Unfriendly border: Canada consults WTO on U.S. corn payments
Cattle and lumber may soon be joined by corn on the list of commodities creating conflict on the U.S. border with Canada.
Canadian officials announced Monday they will begin the process of inquiry into the alleged trade distortion created by U.S. corn subsidies with the World Trade Organization (WTO). The move -- which officials say was motivated solely by the strained competitiveness of Canadian corn farmers -- is expected to set off a chain of events that could take months or even years to reach a final conclusion.
"Canada is concerned that these U.S. subsidies continue to cause economic harm to our corn farmers," Canadian agriculture minister Chuck Strahl said Monday of U.S. corn payments. "That's why we took the action we did, in order to provide the best possible support for our producers by pushing for a level playing field so they can compete."
The timing of the WTO inquiry is critical to the U.S. government's ability to rectify the situation if the need for change is demonstrated by the WTO, added Canadian international trade minister David Emerson. "We hope to see the U.S. live up to its WTO obligations, particularly given that it has the opportunity to do so when it rewrites its farm bill this year," Emerson said Monday.
The move is technically a "consultation" with WTO, in which the global trade body will first allow both parties to "discuss the measures at issue with a view to resolving their dispute outside a formal adjudicative process," according to a Government of Canada press release. The process that WTO says typically involves "broken promises" in trade agreements will unfurl into a full investigation if initial talks falter.
"If parties fail to reach an agreement at this stage, Canada could request that a WTO dispute settlement panel be appointed to adjudicate the issue," according to the Canadian government release.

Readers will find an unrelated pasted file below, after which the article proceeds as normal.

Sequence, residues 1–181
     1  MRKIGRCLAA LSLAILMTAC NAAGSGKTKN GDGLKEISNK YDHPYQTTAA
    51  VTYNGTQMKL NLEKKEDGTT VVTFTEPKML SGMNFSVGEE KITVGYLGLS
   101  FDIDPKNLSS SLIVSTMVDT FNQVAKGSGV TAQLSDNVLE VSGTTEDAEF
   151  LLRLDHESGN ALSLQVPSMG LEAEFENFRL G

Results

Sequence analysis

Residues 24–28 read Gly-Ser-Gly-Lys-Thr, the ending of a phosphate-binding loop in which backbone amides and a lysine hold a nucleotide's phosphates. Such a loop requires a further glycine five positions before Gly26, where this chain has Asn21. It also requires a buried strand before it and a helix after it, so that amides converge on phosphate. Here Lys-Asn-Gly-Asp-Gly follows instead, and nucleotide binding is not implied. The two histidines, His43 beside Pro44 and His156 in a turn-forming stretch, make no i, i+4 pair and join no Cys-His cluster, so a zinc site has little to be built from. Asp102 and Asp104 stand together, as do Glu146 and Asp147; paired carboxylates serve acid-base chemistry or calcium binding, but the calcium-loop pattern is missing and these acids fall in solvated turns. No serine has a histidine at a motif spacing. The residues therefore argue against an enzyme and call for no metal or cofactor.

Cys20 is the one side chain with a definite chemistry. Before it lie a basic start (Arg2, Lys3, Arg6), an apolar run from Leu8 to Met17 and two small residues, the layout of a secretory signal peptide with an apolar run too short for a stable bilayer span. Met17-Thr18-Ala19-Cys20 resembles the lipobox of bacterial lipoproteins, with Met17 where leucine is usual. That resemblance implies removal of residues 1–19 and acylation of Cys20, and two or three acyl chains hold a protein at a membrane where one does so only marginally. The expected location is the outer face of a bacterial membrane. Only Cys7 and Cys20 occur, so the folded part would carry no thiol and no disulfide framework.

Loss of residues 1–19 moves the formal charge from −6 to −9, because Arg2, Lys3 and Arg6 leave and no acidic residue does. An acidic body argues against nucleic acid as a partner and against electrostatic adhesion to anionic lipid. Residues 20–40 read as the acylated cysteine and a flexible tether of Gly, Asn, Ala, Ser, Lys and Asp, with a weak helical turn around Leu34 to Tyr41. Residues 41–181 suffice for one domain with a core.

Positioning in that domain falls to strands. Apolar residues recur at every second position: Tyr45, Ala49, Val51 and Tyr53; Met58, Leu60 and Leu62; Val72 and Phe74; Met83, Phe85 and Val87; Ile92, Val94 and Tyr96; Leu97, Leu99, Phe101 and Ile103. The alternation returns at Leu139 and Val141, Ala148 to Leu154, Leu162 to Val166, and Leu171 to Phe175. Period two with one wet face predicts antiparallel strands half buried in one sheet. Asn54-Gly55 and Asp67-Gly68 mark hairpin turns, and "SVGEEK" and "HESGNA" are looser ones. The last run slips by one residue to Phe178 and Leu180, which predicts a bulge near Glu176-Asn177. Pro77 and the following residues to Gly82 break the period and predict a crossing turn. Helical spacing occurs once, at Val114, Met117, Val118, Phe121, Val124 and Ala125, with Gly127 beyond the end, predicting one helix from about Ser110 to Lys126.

Canada has been a net importer of corn since 1993, largely relying upon U.S. corn that globally comprised 68% of the world's corn exports in 2006, according to Canadian officials. Canadian farmers produced 9.3 million tons of corn in 2006, according to the USDA Foreign Agricultural Service. U.S. production for the same year was 10.74 billion bushels.
In this week's WTO inquiry, Canadian officials allege U.S. supports exceed the nation's "WTO commitment levels for certain years.
"Consequently, for these years, Canada's position is that the United States is not in compliance with certain provisions of the WTO agreement on agriculture," according to Canadian officials.
While he opposes the actions taken by the Canadian government this week, American Farm Bureau Federation president Bob Stallman said Monday the inquiry doesn't affect U.S. farm policy goals. He added that his organization will stand behind the existing farm payment structure and the WTO consultation process, which will likely be a long one.
"It is unfortunate that Canada has decided to seek consultations with the United States through the World Trade Organization regarding the U.S. farm subsidy program. While the American Farm Bureau Federation is dismayed by Canada's actions, we will support our government throughout the consultations," Stallman said Monday. "The consultation phase is simply the beginning of a potentially long process, and we will not attempt to second-guess the outcome. This request for consultations has no bearing on our goals in domestic and international policy, which will be based on what is good for U.S. agriculture.